In the year 1900, when the phantoms of the nineteenth century were still controlling the destiny of Honduras, Juan Ramón Molina (1876-1908), a poet known among the literary and intellectual circles of Central America was sentenced to forced labor, breaking rocks on the southern highway, because of a story he had published in the newspaper of which he was the editor-in-chief. The criminal article was not his own however, but that of Benjamin Franklin, written during the full swing of the Enlightenment, and its title was “An Ax to Grind”. In the story the narrator describes a childhood memory; on a cold winter morning a man draws close, smiling with an ax on his shoulder and says, "My pretty boy, does your father have a grindstone?" "Yes sir," replies the boy." Will you let me grind my ax on it?" asks the man while continuing to flatter the child. Bewitched by the sweet words of the man, the little boy tirelessly begins to work on the tool. By the end of the day his hands are covered with blisters and the man never stops showering him with compliments. "I'm sure you are one of the finest lads I have ever seen,” he says. But as much as the boy continues to work, the ax (which is brand new) never gets sharpened. He grinds and grinds without making a dent until the school bell finally rings and, excusing himself, he prepares to leave. The man, who had shown so much kindness to the boy, suddenly becomes furious and angrily begins to insult him, calling him a lazy bum, a buffoon, a scoundrel.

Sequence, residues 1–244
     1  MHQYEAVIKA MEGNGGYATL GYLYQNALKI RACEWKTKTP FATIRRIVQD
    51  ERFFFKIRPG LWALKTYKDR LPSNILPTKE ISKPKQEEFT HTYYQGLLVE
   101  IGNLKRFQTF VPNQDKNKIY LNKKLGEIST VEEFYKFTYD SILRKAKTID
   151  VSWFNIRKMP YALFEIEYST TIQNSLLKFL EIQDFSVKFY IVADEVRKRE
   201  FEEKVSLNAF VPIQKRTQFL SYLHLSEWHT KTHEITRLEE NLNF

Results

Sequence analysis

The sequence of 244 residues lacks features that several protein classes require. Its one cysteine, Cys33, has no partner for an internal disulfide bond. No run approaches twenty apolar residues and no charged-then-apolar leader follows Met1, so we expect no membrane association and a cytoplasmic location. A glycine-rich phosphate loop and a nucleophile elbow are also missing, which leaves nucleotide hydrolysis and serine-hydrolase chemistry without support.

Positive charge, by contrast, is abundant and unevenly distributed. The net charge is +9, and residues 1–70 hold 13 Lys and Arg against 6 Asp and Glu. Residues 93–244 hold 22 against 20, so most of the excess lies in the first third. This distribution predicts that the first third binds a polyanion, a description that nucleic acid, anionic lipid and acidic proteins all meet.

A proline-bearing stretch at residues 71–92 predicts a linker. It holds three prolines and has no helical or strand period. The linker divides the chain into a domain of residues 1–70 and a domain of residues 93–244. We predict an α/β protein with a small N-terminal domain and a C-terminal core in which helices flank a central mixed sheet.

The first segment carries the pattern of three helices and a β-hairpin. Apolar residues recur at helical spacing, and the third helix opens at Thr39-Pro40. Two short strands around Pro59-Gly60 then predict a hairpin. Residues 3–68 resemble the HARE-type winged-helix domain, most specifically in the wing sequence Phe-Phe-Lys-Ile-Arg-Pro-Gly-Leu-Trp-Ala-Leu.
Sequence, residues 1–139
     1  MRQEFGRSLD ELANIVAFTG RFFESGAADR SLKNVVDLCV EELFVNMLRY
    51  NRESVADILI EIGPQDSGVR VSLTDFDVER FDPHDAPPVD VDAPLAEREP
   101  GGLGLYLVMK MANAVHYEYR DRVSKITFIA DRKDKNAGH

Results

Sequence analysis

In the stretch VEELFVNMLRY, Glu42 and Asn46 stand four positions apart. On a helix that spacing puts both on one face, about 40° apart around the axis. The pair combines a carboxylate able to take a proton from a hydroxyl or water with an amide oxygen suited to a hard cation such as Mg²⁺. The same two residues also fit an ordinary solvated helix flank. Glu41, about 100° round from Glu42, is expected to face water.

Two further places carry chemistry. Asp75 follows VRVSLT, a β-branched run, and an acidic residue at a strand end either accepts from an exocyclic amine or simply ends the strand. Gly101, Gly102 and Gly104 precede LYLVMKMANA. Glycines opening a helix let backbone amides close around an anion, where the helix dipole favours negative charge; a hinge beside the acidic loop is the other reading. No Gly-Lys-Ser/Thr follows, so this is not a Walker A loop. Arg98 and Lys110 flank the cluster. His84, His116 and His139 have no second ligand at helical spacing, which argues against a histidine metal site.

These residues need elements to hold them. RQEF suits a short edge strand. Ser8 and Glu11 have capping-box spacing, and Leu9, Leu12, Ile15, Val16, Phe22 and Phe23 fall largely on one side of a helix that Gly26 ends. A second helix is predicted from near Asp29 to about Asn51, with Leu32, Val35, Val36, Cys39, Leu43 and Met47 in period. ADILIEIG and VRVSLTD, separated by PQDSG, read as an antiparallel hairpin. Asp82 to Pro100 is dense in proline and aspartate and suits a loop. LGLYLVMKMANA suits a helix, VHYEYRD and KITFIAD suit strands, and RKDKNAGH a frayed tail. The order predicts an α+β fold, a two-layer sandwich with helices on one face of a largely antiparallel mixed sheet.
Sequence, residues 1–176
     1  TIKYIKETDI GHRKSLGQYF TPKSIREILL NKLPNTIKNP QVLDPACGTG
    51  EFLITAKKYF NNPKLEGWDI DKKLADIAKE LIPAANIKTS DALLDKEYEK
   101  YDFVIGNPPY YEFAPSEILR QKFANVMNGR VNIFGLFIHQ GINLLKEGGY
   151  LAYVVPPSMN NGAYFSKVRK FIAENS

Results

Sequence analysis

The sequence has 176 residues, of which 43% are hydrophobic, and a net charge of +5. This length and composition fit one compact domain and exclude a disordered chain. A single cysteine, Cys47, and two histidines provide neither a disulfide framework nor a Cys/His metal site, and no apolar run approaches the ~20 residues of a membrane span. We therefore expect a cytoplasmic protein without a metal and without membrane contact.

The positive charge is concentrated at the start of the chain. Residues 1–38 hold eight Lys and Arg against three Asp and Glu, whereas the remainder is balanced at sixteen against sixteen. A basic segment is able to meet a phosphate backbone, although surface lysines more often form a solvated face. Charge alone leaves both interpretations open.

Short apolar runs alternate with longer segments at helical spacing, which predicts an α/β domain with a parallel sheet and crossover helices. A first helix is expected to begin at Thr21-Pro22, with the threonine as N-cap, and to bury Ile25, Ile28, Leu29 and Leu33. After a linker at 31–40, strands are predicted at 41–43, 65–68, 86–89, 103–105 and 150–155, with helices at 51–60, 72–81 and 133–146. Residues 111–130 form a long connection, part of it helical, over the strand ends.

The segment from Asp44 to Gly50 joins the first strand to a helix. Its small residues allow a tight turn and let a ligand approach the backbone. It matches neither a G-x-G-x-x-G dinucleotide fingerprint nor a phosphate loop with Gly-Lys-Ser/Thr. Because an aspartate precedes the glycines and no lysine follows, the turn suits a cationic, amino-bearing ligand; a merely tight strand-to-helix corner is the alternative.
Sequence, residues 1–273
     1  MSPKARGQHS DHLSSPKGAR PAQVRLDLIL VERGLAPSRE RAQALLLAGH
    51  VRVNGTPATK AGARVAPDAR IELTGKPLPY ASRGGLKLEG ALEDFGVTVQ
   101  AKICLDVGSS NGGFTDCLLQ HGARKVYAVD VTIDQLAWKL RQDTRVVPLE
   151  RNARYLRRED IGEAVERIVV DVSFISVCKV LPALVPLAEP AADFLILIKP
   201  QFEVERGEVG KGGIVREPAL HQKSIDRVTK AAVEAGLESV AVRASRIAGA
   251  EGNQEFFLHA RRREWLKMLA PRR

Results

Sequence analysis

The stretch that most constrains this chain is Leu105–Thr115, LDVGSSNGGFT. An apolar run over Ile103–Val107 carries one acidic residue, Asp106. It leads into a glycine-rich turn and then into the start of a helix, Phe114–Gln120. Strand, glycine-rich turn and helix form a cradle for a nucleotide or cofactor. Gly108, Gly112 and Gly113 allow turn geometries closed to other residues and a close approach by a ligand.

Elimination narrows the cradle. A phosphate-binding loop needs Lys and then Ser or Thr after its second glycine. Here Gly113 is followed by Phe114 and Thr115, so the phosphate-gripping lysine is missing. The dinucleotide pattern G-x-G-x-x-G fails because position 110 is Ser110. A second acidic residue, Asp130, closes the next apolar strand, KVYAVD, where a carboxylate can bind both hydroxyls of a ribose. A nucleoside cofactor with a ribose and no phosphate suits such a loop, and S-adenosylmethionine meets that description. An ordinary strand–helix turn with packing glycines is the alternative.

During his trial Molina argued that the article was not meant as a criticism against President Terencio Sierra’s government. However, his explanations remained unheard; from the San Francisco quarter he was taken directly to prison. From there he was sent to carry out forced labor in the “Honduran Siberia” (the hot and arid southern region of the country), after which he went into exile.
More than one century has passed since the incarceration of the “the finest Honduran poet”, as many recognize him to this day, and very little has changed in the relationship between Honduran artists and the leaders in power. It is important to remember that Artistas en Resistencia (Artists in Resistance) was not born with the 2009 coup against Manuel Zelaya Rosales. Making art in Honduras has always been an act of resistance due to the precarious conditions in which artists live, the lack of institutional support, and their constant incrimination and exile. The journalist Álvaro Contreras (1839-1882), had to abandon the country and move to El Salvador where he later died. The writers Froylán Turcios (1872-1943) and Rafaél Heliodoro Valle (1891-1959) had to live in exile during the sixteen years of Tiburcio Carías Andino’s dictatorship because of their poems and essays. Turcios died in Costa Rica, Valle in Mexico, while Carías, whose power lasted until 1949, died comfortably in his own home in Tegucigalpa. “In an environment like ours”, wrote Molina a short time before his physical disappearance in El Salvador, “of blind aggression and intimidation, the intellectual, carrier of truth, has two ways to free himself from death caused by suffocation; either he isolates himself superbly in his summit, wrapped in his own cloud without deigning to see the city geniuses, hoarders of cheap and on-sale glory; or he slaughters these hoarders as if they were lambs of a propitiatory holocaust of art, right on his altar of rubble patiently accumulated”